I have expanded my practice to help certain trial attorneys before the case reaches/needs an appeal.

What do you miss most about pre-pandemic practice?

Having all of my team at the office.

What lies ahead for  your law firm, and more broadly, the legal profession?

As long as courts continue to allow remote participation, it enables us to help out more folks and trial attorneys around the state before the appeal stage. It also saves our clients money when we don’t have to travel for oral argument at the Court of Appeals. I think courts will be more willing to allow remote participation on a case-by-case basis.

What’s a quote or piece of advice that became a mantra or got you through this last year?

Pandemic or not, we are forging ahead, growing the firm, and helping more people.

Jeralyn Lawrence

Jeralyn Lawrence

Jeralyn Lawrence of  Lawrence Law ( www.lawlawfirm.com) specializing in the practice area(s) of Family Law and licensed to practice law in NJ.

What surprised you most about the pandemic?

It was terrifying at first. I was absolutely worried about getting sick and also losing my business. I was surprised and thankful for how quickly we, and most family and divorce lawyers, were able to transition to the remote world.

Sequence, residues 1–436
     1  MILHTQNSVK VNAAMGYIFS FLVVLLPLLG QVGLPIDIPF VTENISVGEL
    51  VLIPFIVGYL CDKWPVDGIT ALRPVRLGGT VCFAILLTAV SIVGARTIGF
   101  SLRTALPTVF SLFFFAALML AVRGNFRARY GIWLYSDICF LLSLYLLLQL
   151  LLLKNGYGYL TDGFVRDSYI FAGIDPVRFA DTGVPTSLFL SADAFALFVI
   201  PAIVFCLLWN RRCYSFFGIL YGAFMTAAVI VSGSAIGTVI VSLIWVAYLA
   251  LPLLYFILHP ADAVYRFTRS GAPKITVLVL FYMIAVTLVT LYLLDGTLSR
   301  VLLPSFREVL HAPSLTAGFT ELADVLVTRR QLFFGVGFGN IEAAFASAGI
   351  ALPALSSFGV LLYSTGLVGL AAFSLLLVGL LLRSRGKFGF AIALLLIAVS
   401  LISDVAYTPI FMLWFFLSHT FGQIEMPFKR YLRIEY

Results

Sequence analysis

What was one positive that came out of the pandemic for your practice?

So many! More time with my family and much less work stress because we are not rushing to court or meetings. Not having to fight traffic or commuting stress has been beyond wonderful.

What do you miss most about pre-pandemic practice?

Not very much but I do miss the socialization with colleagues and friends.

What lies ahead for  your law firm, and more broadly, the legal profession?

Having survived this, I truly feel like there is nothing that can stop us. I anticipate more growth and absolutely believe our profession will embrace and remain virtual, in whole or in part.

What’s a quote or piece of advice that became a mantra or got you through this last year?

Take it day by day. Life and business can change in a minute. Be flexible. Believe in yourself and your team and the sky is the limit.